This is useful for ceramics, as it determines the date of firing, as well as for lava, or even sediments that were exposed to substantial sunlight.

Thermoluminescence was first clearly described in a paper presented to the Royal Society (of Britain) in 1663, by Robert Boyle, who described the effect in a diamond which had been warmed to body temperature.

The possibility of making use of TL stored in a mineral or pottery sample was first proposed by chemist Farrington Daniels in the 1950s. Applications and limitations of thermoluminescence to date quaternary sediments.

Better still, unlike radiocarbon dating, the effect luminescence dating measures increases with time.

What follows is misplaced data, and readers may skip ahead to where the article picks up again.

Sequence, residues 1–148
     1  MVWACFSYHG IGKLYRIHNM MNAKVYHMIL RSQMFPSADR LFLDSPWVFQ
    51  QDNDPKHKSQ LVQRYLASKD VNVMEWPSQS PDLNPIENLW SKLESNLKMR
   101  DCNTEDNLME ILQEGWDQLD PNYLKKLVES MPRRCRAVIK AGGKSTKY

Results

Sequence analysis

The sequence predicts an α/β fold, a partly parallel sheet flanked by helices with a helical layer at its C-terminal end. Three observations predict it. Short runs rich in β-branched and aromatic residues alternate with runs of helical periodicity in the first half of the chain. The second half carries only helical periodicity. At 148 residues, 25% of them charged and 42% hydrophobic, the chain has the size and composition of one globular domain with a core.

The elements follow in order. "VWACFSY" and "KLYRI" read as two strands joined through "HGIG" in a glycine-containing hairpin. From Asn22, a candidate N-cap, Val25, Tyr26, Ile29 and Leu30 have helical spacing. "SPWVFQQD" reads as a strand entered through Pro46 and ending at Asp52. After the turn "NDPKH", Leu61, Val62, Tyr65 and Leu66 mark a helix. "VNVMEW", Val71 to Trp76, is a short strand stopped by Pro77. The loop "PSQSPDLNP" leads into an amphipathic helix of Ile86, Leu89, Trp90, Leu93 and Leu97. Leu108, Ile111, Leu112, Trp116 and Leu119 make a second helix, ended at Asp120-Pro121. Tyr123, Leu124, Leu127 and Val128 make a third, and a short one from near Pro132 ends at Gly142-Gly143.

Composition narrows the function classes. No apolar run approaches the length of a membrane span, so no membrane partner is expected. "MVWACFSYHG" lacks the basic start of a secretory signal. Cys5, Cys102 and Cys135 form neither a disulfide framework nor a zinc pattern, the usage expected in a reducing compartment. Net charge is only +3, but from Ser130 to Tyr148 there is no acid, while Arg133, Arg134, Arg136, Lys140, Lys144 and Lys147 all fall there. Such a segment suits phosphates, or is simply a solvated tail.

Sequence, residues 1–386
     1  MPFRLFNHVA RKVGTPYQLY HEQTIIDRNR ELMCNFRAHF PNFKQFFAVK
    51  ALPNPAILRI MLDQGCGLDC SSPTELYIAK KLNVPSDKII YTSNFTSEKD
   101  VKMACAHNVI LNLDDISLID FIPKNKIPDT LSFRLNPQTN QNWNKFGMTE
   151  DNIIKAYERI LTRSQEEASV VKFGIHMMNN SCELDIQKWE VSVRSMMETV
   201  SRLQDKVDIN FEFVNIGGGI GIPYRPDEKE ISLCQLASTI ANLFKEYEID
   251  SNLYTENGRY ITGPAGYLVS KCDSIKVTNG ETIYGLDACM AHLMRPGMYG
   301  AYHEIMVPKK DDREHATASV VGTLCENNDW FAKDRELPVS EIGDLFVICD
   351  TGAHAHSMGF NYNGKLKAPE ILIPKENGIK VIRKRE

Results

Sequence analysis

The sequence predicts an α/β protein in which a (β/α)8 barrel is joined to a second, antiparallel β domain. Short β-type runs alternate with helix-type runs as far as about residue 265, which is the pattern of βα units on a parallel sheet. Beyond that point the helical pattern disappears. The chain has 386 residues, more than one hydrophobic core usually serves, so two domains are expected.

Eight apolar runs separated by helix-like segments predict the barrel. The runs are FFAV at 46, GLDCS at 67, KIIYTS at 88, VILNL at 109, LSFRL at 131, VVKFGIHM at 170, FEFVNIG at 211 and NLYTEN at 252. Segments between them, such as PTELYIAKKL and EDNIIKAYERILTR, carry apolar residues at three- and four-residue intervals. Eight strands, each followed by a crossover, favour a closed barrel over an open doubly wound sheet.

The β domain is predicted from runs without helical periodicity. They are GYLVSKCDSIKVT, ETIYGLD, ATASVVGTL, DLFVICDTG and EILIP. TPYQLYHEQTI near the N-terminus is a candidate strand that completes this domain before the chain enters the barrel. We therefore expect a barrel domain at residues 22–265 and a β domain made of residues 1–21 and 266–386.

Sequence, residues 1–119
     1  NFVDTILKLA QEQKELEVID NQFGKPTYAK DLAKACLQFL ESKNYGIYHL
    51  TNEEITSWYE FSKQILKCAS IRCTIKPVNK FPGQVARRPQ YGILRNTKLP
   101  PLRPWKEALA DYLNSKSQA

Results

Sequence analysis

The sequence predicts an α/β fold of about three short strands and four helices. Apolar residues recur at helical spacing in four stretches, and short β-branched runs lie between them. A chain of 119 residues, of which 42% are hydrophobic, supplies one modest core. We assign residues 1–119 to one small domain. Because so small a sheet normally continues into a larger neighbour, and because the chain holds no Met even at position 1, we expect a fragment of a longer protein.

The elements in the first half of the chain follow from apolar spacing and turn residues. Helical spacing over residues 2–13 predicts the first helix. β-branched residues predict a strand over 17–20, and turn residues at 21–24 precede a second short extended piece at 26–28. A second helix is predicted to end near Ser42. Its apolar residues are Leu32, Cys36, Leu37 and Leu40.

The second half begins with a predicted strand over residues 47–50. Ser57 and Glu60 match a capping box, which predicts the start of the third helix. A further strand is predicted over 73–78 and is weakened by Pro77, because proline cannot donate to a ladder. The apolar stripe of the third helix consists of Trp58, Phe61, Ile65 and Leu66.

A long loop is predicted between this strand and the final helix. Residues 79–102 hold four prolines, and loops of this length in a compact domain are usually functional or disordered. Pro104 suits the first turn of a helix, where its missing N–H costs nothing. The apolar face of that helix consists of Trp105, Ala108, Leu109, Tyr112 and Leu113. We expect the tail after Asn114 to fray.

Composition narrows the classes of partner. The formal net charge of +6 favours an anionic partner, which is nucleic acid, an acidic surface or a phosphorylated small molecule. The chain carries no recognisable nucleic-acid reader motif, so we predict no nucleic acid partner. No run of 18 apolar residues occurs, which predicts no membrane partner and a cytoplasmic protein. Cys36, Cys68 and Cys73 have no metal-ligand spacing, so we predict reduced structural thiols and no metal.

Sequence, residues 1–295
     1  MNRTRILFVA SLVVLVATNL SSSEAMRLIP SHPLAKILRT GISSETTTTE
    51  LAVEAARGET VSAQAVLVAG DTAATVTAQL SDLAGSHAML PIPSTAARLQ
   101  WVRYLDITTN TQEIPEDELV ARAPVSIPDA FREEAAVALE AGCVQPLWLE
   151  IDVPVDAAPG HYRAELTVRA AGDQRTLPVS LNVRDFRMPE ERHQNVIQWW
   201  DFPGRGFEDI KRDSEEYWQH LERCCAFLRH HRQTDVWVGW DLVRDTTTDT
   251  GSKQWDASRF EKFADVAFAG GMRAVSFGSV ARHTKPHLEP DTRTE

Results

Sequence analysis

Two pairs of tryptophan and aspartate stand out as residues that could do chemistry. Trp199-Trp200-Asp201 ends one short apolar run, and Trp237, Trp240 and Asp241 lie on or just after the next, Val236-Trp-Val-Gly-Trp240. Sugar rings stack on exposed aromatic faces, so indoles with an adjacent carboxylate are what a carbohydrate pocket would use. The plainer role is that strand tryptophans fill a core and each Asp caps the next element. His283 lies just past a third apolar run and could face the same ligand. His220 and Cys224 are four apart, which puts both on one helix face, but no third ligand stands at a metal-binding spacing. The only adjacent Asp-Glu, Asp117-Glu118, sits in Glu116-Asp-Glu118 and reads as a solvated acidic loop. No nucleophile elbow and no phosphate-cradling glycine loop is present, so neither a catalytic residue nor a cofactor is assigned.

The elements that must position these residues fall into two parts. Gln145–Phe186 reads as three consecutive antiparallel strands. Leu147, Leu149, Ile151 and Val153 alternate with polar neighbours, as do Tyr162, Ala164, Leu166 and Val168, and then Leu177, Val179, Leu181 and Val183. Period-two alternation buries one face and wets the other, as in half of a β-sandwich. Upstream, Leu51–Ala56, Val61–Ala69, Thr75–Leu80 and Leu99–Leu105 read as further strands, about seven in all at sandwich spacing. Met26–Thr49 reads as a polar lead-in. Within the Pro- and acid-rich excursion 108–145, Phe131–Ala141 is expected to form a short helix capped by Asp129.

As a result, there is no upper date limit set by the sensitivity of the method itself, although other factors may limit the method's feasibility.

An input of energy, such as heat, is required to free these trapped electrons.

The accumulation of trapped electrons, and the gaps left behind in the spaces they vacated, occurs at a measurable rate proportional to the radiation received from a specimen’s immediate environment.

Two standard methods, the “fine-grain technique” and the “quartz inclusion technique”, and a new method, the pre-dose saturation exponential technique in thermoluminescence (TL) dating of ancient pottery and porcelain were reviewed, especially for the measurement of the paleodose and the annual dose.

The two standard methods have been acknowledged in domain of TL dating and are used widely for age determination in archaeology and geology.

This energy is lodged in the imperfect lattices of the mineral's crystals.